Circulation over coral reefs: from ocean scale to bommie scale (and back again)

Oct 15 2015 11:15 AM - Oct 15 2015 12:00 PM

​Seminar Title: Circulation over coral reefs: from ocean scale to bommie scale (and back again)

Date: Thursday ,15 October 2015

Time: 11:15am-12pm followed by light lunch

Location: Building 2 · Level 5 · Room 5209

Seminar Abstract:

Water motion is critical to coral reef systems, driving patterns in species distribution, morphology, biogeochemical processes, and species interactions. Therefore to understand biological and ecological patterns and function in coral reef systems it is critical to understand circulation and transport processes. However, coral reefs are also one of the most complex coastal systems from a hydrodynamic standpoint. Many coral reefs occur on islands or on steep, narrow shelves; thus, larger scale oceanographic forcing interacts directly with these shallow nearshore systems. Reefs are also geometrically complex, and reef topography varying at scales ranging from centimeters to kilometers, introducing another set of challenges to modeling and prediction. This seminar will explore physical processes on coral reefs across four scales: 1) island-scale (10 to 100-km); 2) bay/lagoon scale (1-km); 3) reef scale (10 to 100-m); and 4) bommie scale (0.1 to 1-m). Examples of these processes and physical-biological interactions will be drawn from on-going work in Moorea, French Polynesia.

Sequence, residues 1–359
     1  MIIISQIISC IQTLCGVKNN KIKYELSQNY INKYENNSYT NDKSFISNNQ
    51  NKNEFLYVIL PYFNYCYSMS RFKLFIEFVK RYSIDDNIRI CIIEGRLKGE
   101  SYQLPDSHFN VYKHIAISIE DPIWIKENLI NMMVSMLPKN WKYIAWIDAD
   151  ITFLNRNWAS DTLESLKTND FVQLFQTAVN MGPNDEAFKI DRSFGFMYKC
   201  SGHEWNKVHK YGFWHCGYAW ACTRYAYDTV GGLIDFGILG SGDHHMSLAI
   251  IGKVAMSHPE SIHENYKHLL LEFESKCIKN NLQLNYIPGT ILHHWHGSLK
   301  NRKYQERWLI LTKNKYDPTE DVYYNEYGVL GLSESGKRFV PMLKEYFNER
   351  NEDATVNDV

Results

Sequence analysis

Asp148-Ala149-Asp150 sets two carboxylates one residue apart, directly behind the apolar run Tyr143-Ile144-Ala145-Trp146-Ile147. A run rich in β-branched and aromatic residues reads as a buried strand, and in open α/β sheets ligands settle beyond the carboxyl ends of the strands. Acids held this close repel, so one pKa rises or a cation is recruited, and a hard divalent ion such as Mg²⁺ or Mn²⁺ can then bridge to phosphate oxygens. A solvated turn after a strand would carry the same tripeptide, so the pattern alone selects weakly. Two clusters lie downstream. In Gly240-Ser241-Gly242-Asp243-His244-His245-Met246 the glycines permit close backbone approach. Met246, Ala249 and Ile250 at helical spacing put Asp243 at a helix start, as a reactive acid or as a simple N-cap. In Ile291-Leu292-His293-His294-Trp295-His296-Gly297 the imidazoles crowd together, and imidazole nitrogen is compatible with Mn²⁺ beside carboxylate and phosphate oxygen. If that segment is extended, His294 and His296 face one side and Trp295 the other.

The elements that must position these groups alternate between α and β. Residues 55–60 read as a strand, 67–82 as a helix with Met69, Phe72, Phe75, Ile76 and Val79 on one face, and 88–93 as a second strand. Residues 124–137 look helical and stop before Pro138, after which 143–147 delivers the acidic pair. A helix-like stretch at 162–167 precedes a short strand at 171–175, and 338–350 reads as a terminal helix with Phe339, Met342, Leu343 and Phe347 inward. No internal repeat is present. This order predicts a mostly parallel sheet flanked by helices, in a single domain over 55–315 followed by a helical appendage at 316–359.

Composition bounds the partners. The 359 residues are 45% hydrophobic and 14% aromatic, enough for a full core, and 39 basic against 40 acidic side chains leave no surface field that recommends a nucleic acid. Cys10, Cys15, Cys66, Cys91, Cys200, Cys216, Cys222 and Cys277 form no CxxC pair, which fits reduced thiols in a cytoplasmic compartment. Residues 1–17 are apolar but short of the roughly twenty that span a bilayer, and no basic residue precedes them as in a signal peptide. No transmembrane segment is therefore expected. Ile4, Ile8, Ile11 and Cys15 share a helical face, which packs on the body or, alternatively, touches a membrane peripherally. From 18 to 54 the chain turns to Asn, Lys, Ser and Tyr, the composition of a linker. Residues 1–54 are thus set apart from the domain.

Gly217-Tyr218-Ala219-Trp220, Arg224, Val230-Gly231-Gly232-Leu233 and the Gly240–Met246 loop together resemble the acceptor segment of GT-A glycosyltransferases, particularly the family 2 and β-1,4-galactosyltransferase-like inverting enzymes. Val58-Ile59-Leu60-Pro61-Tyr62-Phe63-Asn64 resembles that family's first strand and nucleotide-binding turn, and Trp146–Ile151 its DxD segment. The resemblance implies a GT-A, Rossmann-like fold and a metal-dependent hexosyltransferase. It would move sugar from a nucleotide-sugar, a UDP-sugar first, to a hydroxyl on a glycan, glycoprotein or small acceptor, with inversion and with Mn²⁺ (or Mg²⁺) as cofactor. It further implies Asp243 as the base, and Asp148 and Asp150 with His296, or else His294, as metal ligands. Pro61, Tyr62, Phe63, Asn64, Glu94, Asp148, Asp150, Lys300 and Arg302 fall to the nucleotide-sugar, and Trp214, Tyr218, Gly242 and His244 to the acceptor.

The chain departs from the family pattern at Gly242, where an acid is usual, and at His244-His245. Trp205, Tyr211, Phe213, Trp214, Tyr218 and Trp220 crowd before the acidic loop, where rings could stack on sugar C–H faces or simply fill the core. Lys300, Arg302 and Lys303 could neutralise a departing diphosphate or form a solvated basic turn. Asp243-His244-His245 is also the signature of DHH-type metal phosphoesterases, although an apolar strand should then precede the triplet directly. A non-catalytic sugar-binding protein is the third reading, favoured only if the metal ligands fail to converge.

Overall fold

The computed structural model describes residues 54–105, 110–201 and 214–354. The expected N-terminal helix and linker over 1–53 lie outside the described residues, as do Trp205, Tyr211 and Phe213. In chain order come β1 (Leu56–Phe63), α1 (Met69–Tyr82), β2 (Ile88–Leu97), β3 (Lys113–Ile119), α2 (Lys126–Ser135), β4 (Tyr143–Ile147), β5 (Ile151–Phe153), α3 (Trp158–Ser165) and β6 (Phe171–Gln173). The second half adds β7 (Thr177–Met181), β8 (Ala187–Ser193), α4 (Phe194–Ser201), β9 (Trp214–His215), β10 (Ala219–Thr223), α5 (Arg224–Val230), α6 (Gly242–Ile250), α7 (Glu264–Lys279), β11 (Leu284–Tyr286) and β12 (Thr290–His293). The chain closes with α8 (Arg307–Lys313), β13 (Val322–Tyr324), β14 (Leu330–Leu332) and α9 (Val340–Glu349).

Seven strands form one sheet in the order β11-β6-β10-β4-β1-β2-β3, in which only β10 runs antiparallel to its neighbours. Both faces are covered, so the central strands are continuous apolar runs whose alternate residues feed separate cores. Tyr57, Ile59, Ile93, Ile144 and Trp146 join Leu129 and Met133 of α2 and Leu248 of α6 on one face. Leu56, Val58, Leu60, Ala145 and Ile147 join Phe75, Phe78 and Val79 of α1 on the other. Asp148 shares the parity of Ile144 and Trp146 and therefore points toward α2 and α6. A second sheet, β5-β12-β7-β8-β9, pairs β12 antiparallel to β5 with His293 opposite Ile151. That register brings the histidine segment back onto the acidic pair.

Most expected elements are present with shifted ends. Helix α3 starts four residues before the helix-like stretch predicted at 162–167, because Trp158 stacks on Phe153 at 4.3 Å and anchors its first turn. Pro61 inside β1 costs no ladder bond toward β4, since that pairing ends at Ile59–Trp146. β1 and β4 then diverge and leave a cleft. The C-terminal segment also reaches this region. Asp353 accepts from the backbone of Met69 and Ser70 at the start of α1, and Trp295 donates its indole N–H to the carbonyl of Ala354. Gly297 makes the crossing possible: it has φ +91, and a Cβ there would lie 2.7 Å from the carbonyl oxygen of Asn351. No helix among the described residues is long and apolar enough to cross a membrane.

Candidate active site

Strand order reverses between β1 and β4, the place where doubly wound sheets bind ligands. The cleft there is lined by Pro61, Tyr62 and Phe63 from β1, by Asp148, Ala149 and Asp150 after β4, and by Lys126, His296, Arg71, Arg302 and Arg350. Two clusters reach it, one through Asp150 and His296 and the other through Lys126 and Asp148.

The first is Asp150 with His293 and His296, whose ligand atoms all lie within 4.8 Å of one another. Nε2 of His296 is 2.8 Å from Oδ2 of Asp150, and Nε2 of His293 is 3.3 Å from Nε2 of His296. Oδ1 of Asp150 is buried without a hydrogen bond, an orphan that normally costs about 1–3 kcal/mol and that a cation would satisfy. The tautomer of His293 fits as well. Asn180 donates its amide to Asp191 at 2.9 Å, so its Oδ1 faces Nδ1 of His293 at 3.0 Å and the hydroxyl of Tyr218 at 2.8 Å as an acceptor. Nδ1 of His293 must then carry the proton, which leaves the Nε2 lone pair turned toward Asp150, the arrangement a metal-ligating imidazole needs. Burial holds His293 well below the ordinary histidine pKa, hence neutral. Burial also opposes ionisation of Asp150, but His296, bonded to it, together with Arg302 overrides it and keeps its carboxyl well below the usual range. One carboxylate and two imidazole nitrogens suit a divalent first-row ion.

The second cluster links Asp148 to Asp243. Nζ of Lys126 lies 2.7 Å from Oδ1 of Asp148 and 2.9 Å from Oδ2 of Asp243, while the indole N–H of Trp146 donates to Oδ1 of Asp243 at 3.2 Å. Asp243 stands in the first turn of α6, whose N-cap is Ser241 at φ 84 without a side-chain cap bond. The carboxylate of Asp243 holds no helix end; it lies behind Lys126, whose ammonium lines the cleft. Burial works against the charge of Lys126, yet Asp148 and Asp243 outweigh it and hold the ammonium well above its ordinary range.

Speaker: Jim Hench, Assistant Professor, Duke University 

Jim’s research focuses on fluid dynamics in the coastal ocean and its effects on transport processes. He uses field measurements, computational models, and theoretical analyses to understand fundamental physical processes in these systems. Jim also works extensively on interdisciplinary problems that have a significant physical component to better understand the effects of water motion on the geochemistry, biology, and ecology of shallow marine systems. Much of his work focuses on coral reef hydrodynamics and his lab leads the Physical Oceanographic component of the Moorea Coral Reef LTER project in French Polynesia. Jim’s current projects include: 1) wave-driven circulation and exchange in coral reef, lagoon, and pass systems; 2) extreme events and disturbances in coral reef systems; 3) understanding the effects of rough bottoms such as corals on circulation and scalar mixing; 4) larval transport around coral reef islands; and 5) the effects of wave forcing on corallivory.

Light lunch will be served after the seminar.

Thank you in advance for your interest and participation.